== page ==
The Kyoto Protocol represented a major step forward in international climate diplomacy, as well as in emissions reporting, monitoring and verification. It also introduced extra “mechanisms” to help developed countries at different points in the energy transition meet their limitation targets:

  • The International Emissions Trading Mechanism: countries can sell their excess emission units to other countries.
  • The Clean Development Mechanism: countries can earn certified emission-reduction credits by implementing emission-reducing projects in developing countries.
  • The Joint Implementation Mechanism: countries can earn emission-reducing units by participating in emission-reducing projects in other countries.
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2. The Paris Agreement

The most important global climate accord to date, the Paris Agreement, recognizes the need to involve all countries, not just developed nations, in responding to the global climate crisis.

It allows governments to set emissions-reduction pledges rather than impose limitations on countries, like the Kyoto Protocol. Known as “nationally determined contributions” or NDCs, they are reviewed every five years in the hopes of keeping global average temperatures less than 1.5°C above pre-industrial levels.

The agreement also aims to achieve global net-zero emissions in the second half of the century, where the amount of greenhouse gases emitted should equal the amount removed from the atmosphere.

Outcome legacy

The Paris Agreement is widely viewed as a landmark climate change treaty for its ambitious multilateral approach – establishing both temperature and emissions goals, and driving the global community to take action through increasingly nuanced mitigation, adaptation and climate financing measures. However, climate experts say that much more still needs to be done.

From 2024, the agreement’s enhanced transparency framework will further enable the open reporting of countries’ progress, which will feed into future Global Stocktakes. Other achievements highlighted include the growth of low- and zero-carbon solutions and new carbon markets, and the increasing adoption of carbon neutrality targets by nations, cities and businesses.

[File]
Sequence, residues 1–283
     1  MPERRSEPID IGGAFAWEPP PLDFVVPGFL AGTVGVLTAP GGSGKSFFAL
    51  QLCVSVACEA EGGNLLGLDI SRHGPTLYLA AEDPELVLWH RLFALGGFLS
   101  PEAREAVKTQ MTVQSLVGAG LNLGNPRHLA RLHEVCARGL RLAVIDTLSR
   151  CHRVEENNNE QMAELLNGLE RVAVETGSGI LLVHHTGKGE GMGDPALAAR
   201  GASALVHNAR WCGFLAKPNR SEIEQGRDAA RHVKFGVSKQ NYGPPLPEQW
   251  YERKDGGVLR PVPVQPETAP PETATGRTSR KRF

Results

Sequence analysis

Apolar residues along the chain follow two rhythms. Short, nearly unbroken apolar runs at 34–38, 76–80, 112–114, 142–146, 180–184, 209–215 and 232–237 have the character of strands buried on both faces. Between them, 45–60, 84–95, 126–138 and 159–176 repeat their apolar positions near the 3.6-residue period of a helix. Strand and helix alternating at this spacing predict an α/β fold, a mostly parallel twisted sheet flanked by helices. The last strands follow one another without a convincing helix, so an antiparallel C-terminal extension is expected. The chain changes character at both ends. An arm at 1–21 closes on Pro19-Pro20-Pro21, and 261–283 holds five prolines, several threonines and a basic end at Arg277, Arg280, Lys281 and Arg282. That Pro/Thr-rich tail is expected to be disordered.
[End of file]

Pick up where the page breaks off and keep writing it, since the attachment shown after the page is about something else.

Image: X/@WRIClimate

3. The Loss and Damage Fund

Described by the UN as the highlight of COP27 and a “historic decision”, the Loss and Damage Fund recognizes the need to assist poorer nations that contribute least to the climate crisis yet are struggling with its impacts and access to climate financing.

Pre-existing UN and development bank funding does offer some assistance to states dealing with loss and damage, but is not specifically designated for that purpose.

What’s the latest?

No country has yet made a specific financial pledge to the fund, but the EU says it will provide a “substantial” contribution while US Climate Envoy John Kerry says Washington will put “several millions of dollars to the fund at the COP”, according to Reuters.

The next stage of climate action will depend to a large extent on the outcome of COP28’s highly anticipated Global Stocktake, but some absolutes remain. To keep global temperatures below 1.5°C, emissions must decrease by around 7% annually until 2030, the World Economic Forum says in a new report.

This would mark a sharp reversal from current increases of 1.5% each year, warn the authors of The State of Climate Action: Major Course Correction Needed from +1.5% to −7% Annual Emissions.